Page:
Marcus: As you sort of get to know him a little bit better and sort of understand his nervousness and his little affectations, you kind of warm up to him a little bit. I found Art3mis and Aech and especially Sorrento much more interesting. But, I say he got the job done.

    Elliot: I wanted Art3mis to end up with Aech. I wanted a little twist that maybe Art3mis isn’t interested in this motherfucker. Like, what’s he got going for him? That he noticed a reference in a tape from 30 years ago and he decided to go backwards. Like that’s his big…

    Marcus: I still can’t get over that. No one figured how to go backwards in five years of everybody playing this game.

    Elliot: I guess he’s like, the smartest player. Like that’s what we’re supposed to take away. Like he can figure that out. He can figure out how to get to The Shining. It’s very cool that they can go inside movies. If they made sequels I would just love for them to go inside movies. I don’t care about all these contests…

    Marcus: I like the Charlie and the Chocolate Factory aspect of it. I found that it gave me something to hang onto. Two things I do want to discuss. Mark Rylance, I think is excellent in this film. He adds so much emotional and thematic weight to this film. His character is indispensable in my opinion. The character’s different and more identifiable and almost sympathetic, I guess? Sort of very introverted, maybe has some kind of disorder which provokes anti-social nature. I actually responded to that really well. Second thing I want to discuss. This film lives and dies by Spielberg. Without him, this film absolutely positively does not work. He understands how to make the visuals interesting. The action scenes are fantastic. And yeah the typical Spielberg Schmaltz is spread out thinly through the first two acts and it comes to a head at the end of the third act. And I found it actually very emotionally satisfying and was able to resonate a lot with it.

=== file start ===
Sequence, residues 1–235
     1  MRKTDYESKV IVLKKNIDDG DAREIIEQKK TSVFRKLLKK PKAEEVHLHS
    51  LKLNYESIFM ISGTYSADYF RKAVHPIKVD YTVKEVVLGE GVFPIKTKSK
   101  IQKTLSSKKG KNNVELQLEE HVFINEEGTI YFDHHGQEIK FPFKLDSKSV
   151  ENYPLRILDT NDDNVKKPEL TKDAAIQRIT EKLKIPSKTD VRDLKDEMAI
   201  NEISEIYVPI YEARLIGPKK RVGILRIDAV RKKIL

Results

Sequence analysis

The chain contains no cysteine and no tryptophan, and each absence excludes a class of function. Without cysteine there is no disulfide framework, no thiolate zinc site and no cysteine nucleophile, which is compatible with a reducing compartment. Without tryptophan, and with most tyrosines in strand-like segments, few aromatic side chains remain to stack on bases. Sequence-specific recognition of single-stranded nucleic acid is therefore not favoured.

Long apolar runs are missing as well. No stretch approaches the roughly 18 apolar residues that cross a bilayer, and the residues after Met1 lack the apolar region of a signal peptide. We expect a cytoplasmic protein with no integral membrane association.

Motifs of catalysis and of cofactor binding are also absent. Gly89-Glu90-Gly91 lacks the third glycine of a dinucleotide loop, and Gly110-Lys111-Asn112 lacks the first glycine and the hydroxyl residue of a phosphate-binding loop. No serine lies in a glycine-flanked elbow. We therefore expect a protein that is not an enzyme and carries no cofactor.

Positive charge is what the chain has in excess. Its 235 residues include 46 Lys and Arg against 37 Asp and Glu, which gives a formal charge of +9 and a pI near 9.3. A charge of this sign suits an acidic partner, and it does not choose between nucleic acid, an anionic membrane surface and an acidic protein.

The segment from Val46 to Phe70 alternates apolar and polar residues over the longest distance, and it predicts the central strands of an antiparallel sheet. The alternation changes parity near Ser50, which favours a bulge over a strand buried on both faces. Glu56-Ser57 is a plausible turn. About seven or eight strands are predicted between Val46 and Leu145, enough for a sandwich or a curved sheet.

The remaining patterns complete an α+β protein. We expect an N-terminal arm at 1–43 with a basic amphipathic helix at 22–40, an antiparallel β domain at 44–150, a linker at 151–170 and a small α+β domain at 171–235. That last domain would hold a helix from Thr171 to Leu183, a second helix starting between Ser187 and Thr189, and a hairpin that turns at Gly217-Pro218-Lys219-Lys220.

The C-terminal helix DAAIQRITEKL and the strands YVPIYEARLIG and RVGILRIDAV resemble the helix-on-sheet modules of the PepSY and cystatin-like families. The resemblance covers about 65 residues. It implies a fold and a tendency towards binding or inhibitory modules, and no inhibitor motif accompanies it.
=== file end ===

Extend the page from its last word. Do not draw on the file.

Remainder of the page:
Marco: I don’t mind the Spielberg Schmaltz in this film, because I’m not someone who is dying for gritty realism in blockbuster movies. And I do think a lot of what Spielberg contributes helps take this movie above what it could have been. His knowledge of film, particularly with The Shining scene, is very useful. I still think that there could have been either more ambition to the world they could create, or that they should have done more with the characters. And maybe it’s just me, but Olivia Cooke having the least ugly birthmark imaginable should not be this big dramatic point.